Other sounds soon awakened her attention: it was the solemn harmony of horns, that swelled from a distance; and, observing the gondolas arrange themselves along the margin of the terraces, she threw on her veil, and, stepping into the balcony, discerned, in the distant perspective of the canal, something like a procession, floating on the light surface of the water: as it approached, the horns and other instruments mingled sweetly, and soon after the fabled deities of the city seemed to have arisen from the ocean; for Neptune, with Venice personified as his queen, came on the undulating waves, surrounded by tritons and sea-nymphs. The fantastic splendour of this spectacle, together with the grandeur of the surrounding palaces, appeared like the vision of a poet suddenly embodied, and the fanciful images, which it awakened in Emily's mind, lingered there long after the procession had passed away. She indulged herself in imagining what might be the manners and delights of a sea- nymph, till she almost wished to throw off the habit of mortality, and plunge into the green wave to participate them.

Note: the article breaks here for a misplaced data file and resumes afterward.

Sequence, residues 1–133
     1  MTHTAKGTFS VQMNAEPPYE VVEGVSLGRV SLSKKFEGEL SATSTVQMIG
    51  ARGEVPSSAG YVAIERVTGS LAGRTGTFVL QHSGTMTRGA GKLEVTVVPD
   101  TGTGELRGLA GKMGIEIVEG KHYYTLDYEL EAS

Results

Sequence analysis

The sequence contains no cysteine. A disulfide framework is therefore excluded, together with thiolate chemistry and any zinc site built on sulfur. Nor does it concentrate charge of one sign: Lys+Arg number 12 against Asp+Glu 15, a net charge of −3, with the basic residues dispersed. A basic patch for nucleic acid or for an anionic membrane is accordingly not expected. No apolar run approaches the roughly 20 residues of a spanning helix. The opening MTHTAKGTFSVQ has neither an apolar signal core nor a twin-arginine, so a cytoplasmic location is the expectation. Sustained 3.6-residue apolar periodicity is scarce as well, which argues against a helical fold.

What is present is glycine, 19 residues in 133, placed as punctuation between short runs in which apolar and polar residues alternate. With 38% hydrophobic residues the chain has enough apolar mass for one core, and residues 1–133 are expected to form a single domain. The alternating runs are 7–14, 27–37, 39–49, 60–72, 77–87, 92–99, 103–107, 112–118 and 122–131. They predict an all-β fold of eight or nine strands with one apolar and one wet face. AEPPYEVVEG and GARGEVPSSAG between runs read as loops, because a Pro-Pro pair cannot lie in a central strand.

'How delightful,' said she, 'to live amidst the coral bowers and crystal caverns of the ocean, with my sister nymphs, and listen to the sounding waters above, and to the soft shells of the tritons! and then, after sun-set, to skim on the surface of the waves round wild rocks and along sequestered shores, where, perhaps, some pensive wanderer comes to weep! Then would I soothe his sorrows with my sweet music, and offer him from a shell some of the delicious fruit that hangs round Neptune's palace.'

She was recalled from her reverie to a mere mortal supper, and could not forbear smiling at the fancies she had been indulging, and at her conviction of the serious displeasure, which Madame Montoni would have expressed, could she have been made acquainted with them.